Power Limits Apps In The IoT

The industry needs to figure out how to leverage all of the data that tools generate to make sure IoT devices are exactly targeted to their task.


The applications in the IoT are seemingly limitless, but the power is one thing that can’t be.

Mary Ann White at Synopsys reminded me that a lot of the energy harvesting devices are super low power and there is a reason why they use just a simple LCD-type display. But we agree it would be so cool if we could have color LCDs that still only consume low power. Of course, I have no doubt that somebody will develop that someday.

Mary Ann noted that it’s always the user interfaces that use too much power. “It’s the reason why the Apple watch will probably drain the battery because it will have the coolest looking color display plus a user interface that’s going to be killer,” she said. “There’s a reason why it’s not on the market today probably because the battery is not that good. The more you add displays and user functionality, the more power it will take. That’s where you won’t see Apple watches being able to energy harvest but you might be able to energy harvest on a Fit Bit.”

Connected with this is thinking about how to make sure that the device is exactly optimized for its specific use case. How is that possible? Well, by leveraging the existing data available from the design tools already in use today.

This is a challenge, observed Aveek Sarkar at Ansys/Apache, especially for many large organizations because they are very distributed and dispersed. “How do you start to look at the data you are generating and gather some intelligence out of it to help guide you to faster convergence.”

“At the risk of using some cliched phrases like gate analytics and things like that, something like that will be beneficial,” he explained. “If I am putting together a 50 million instance design and running a simulation in one of our solutions, we do have access to a large amount of data in the design. We know how they are connected. We know how much power they consume. We know how they switch, how they operate, how they interact with each other. If I can leverage all of that information in a smarter way and tell you some potential issues that will arise, that’s exactly what big analytics is all about.”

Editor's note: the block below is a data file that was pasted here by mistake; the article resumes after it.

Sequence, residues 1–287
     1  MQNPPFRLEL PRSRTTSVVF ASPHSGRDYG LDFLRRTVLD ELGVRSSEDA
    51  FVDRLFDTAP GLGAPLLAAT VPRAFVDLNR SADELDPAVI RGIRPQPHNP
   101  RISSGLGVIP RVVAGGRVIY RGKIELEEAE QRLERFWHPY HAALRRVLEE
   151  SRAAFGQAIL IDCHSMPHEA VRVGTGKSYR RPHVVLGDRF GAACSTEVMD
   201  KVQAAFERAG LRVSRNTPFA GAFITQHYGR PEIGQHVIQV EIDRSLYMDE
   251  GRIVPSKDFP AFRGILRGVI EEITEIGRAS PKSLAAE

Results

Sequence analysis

“When we look at the pure EDA mindset, we’re only looking at the electronics designers but the end system requires the mechanical engineers, the industrial designers and the chip guys,” Sarkar pointed out. “All of the closed loop interactions can happen only if you share the simulation data among everybody. This goes back to the concept of faster convergence instead of the electrical engineer doing his or her own thing on the side, and saying, ‘Eureka! I’ve got my best antenna, let me go ahead and make it.’ It comes back on the mechanical engineer who says it won’t work because it’s going to be so flaky and the industrial designer says nobody is going to buy it because it looks so ugly. Versus, they all iterate in the same design environment.”

Obviously, this is a concept, but one has to think that with all of the data generated by tools, there has to be a way to leverage it better. This will be critically important to figure out to make sure IoT apps are the right ones for the task at hand.